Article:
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Half the Milky Way’s sun-like stars could be home to Earth-like planets

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Nearly 4,300 exoplanets have been discovered by astronomers, and it’s quite obvious now our galaxy is filled with them. But the point of looking for these new worlds is more than just an exercise in stamp collecting—it’s to find one that could be home to life, be it future humans who have found a way to travel those distances or extraterrestrial life that’s made a home for itself already. The best opportunity to find something like that is to find a planet that resembles Earth.

And what better way to look for Earth 2.0 than to search around stars similar to the sun? A new analysis of exoplanet data collected by NASA’s Kepler space telescope, which operated from 2009 to 2018, has come up with some new predictions for how many stars in the Milky Way galaxy that are comparable to the sun in temperature and age are likely to be orbited by a rocky, potentially habitable planet like Earth. When applied to current estimates of 4.1 billion sun-like stars in the galaxy, their model suggests there are at minimum 300 million with at least one habitable planet. 

The model’s average, however, posits that one in two sun-like stars could have a habitable planet, causing that figure to swell to over 2 billion. Even less conservative predictions suggest it could be over 3.6 billion.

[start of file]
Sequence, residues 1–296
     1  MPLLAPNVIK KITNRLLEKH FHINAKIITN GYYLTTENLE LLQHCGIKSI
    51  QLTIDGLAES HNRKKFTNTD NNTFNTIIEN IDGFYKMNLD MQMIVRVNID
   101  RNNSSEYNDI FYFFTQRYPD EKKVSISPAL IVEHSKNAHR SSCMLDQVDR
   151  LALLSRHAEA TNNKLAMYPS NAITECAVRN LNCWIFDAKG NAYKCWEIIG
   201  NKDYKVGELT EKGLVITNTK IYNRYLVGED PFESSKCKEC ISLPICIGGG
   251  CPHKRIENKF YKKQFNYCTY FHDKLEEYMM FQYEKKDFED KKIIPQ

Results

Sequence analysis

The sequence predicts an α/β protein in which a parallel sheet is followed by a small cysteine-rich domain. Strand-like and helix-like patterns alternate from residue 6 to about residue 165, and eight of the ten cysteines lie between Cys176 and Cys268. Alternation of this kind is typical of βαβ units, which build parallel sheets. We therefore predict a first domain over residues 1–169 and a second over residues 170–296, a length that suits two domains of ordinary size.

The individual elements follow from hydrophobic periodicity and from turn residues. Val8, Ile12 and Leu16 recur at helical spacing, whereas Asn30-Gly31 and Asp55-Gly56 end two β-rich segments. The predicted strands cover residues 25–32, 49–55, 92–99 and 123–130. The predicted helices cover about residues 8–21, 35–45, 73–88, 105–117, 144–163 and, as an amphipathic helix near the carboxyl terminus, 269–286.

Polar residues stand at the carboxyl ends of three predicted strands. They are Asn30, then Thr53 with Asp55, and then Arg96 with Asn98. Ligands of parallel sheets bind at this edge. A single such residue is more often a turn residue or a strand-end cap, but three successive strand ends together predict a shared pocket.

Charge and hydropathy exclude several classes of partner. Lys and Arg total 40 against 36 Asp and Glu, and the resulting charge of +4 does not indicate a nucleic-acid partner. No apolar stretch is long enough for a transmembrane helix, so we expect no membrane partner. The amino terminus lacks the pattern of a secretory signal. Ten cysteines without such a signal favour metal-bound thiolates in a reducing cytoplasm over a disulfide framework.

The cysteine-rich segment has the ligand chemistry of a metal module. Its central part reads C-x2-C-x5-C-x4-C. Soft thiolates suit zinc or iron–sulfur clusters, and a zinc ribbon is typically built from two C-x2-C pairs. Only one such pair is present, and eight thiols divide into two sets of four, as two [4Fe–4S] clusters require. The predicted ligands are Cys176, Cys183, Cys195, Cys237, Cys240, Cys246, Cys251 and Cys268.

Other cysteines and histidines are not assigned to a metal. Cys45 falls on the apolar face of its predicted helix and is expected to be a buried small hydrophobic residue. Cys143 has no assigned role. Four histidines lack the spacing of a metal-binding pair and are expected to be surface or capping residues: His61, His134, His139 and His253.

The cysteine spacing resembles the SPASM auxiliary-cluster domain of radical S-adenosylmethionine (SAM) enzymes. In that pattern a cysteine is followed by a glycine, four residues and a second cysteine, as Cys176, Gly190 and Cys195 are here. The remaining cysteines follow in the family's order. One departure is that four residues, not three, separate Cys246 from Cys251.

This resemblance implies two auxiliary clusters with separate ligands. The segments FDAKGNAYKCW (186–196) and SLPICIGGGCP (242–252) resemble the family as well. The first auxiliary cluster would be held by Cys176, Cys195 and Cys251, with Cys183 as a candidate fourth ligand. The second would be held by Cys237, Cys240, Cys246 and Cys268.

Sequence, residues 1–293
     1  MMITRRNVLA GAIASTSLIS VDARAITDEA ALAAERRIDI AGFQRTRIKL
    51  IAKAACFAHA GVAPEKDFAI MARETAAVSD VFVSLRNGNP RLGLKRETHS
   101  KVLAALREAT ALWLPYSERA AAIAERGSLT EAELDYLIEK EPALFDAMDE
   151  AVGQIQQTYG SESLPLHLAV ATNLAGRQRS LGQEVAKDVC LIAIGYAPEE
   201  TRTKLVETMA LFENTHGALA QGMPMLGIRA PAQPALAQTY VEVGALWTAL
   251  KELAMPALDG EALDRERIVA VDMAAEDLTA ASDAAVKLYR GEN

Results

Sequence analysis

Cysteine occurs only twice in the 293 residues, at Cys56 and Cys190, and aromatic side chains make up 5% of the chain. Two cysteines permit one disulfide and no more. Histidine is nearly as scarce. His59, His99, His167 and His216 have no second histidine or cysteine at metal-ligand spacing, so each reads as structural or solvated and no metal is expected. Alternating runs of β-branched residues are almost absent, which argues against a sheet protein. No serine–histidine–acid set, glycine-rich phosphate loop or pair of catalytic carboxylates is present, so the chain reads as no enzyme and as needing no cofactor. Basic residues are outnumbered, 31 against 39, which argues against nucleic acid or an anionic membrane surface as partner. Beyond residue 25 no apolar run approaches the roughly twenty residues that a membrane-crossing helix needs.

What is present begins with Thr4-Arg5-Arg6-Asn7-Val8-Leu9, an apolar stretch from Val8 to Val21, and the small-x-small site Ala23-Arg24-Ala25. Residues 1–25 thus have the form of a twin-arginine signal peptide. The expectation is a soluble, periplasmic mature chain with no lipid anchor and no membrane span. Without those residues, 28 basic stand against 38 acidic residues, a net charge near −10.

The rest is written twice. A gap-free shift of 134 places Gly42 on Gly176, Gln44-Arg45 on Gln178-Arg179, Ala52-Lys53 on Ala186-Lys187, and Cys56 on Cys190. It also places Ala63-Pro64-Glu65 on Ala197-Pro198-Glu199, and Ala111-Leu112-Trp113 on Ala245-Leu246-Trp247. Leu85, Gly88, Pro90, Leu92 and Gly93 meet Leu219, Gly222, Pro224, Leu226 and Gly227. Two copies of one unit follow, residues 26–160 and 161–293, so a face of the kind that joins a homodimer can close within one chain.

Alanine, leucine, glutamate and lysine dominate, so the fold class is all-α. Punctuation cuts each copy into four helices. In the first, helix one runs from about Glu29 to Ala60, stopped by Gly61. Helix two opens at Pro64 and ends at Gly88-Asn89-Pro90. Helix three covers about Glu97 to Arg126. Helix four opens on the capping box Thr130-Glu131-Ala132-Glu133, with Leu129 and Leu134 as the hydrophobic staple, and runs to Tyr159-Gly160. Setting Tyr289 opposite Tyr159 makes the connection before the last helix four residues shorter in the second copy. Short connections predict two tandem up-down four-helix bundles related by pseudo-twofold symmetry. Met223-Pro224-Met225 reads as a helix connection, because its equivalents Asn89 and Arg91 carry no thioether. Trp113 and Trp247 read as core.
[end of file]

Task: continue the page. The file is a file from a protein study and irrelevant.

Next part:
The new study has not yet been peer-reviewed, but it will be soon, and it is due to be published in the Astronomical Journal.

“This appears to be a very careful study and deals with really thorny issues about extrapolating from the Kepler catalogue,” says Adam Frank, a physicist and astronomer at the University of Rochester, who was not involved with the study. “The goal is to get a complete, reliable, and accurate estimate for the average number of potentially habitable planets around stars. They seem to have made a good run at that.”

Scientists have made several attempts in the past to use Kepler data to work out how many sun-like stars in the galaxy have potentially habitable exoplanets in their orbit. But these studies have provided answers that ranged from less than 1% to more than 100% (i.e., multiple planets around these stars). It’s a reflection of how hard it’s been to work with this data, says Steve Bryson of NASA Ames Research Center in California, who led the new work.

Two major issues have created this large window: incomplete data, and the need to cull false detections from the Kepler data set.

The new study addresses both of these problems. It’s the first of its kind to use the full Kepler exoplanet data set (more than 4,000 detections from 150,000 stars), but it’s also using stellar data from Gaia, the European Space Agency’s mission to map every star in the Milky Way. All that helped make the final estimates more accurate, with smaller uncertainties. And this is after scientists have spent years analyzing the Kepler catalogue to strip away obscuring elements and ensure that only real exoplanets are left. Armed with both Kepler and Gaia data, Bryson and his team were able to determine the rate of formation for sun-like stars in the galaxy, the number of stars likely to have rocky planets (with radiuses 0.5 to 1.5 times Earth’s), and the likelihood those planets would be habitable.